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A Residence in France During the Years 1792, 1793,

Executions were daily multiplied


the news of this extraordinary event first became public, it was ever where received with great gravity--I might say, coldness.--Not a comment was uttered, nor a glance of approbation seen. Things might be yet in equilibrium, and popular commotions are always uncertain. Prudence was, therefore, deemed, indispensable; and, until the contest was finally decided, no one ventured to give an opinion; and many, to be certain of guarding against verbal indiscretion, abstained from all intercourse whatever.

By degrees, the execution of Robespierre and above an hundred of his partizans, convinced even the most timid; the murmurs of suppressed discontent began to be heard; and all thought they might now with safety relieve their fears and their sufferings, by execrating the memory of the departed tyrants. The prisons, which had hitherto been avoided as endangering all who approached them, were soon visited with less apprehension; and friendship or affection, no longer exanimate by terror, solicited, though still with trepidation, the release of those for whom they were interested. Some of our associates have already left us in consequence of such intercessions, and we all hope that the tide of opinion, now avowedly inimical to the detestable system to which we are victims, will enforce a general liberation.--We are guarded but slightly; and I think I perceive in the behaviour of the Jacobin Commissaries something of civility and respect not usual.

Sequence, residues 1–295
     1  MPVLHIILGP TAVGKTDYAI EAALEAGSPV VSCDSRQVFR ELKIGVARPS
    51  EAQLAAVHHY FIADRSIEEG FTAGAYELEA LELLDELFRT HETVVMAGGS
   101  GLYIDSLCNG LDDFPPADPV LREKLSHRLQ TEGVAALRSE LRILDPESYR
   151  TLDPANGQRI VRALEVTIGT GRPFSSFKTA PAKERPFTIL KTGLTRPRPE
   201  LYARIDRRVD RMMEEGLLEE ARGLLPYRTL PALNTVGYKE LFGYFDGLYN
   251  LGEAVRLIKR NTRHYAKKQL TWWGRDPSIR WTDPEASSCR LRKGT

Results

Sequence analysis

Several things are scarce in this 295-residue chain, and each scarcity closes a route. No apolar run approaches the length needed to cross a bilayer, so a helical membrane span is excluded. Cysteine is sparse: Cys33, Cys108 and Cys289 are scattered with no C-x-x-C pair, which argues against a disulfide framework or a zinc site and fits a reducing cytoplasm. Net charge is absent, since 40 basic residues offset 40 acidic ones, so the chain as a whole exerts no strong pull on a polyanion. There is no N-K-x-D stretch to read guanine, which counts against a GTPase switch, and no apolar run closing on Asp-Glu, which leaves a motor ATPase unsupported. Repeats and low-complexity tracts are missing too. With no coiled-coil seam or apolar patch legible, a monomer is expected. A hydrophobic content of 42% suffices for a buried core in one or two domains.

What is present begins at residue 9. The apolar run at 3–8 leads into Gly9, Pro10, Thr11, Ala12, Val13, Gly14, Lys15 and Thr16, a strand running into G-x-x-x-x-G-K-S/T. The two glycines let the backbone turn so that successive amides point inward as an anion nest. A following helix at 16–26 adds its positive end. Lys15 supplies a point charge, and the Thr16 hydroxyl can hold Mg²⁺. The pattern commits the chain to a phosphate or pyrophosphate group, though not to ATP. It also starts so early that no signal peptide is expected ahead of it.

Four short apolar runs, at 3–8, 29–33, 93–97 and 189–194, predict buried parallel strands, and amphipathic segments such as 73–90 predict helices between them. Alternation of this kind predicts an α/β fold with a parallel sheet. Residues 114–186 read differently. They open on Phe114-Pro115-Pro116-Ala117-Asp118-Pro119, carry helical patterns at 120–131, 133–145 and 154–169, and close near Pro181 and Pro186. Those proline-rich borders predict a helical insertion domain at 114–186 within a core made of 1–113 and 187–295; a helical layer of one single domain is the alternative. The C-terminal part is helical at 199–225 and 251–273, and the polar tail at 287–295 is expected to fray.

style="text-align: justify;">Thus an event, which I beheld merely as the justice which one set of banditti were made the instruments of exercising upon another, may finally tend to introduce a more humane system of government; or, at least, suspend proscription and massacre, and give this harassed country a little repose.

I am in arrears with my epistolary chronicle, and the hope of so desirable a change will now give me courage to resume it from the conclusion of my last. To-morrow shall be dedicated to this purpose.-- Yours.

August 12.

My letters, previous to the time when I judged it necessary to desist from writing, will have given you some faint sketch of the situation of the country, and the sufferings of its inhabitants--I say a faint sketch, because a thousand horrors and iniquities, which are now daily disclosing, were then confined to the scenes where they were perpetrated; and we knew little more of them than what we collected from the reports of the Convention, where they excited a laugh as pleasantries, or applause as acts of patriotism.

France had become one vast prison, executions were daily multiplied, and a minute and comprehensive oppression seemed to have placed the lives, liberty, and fortune of all within the grasp of the single Committee. Despair itself was subdued, and the people were gradually sinking into a gloomy and stupid obedience.

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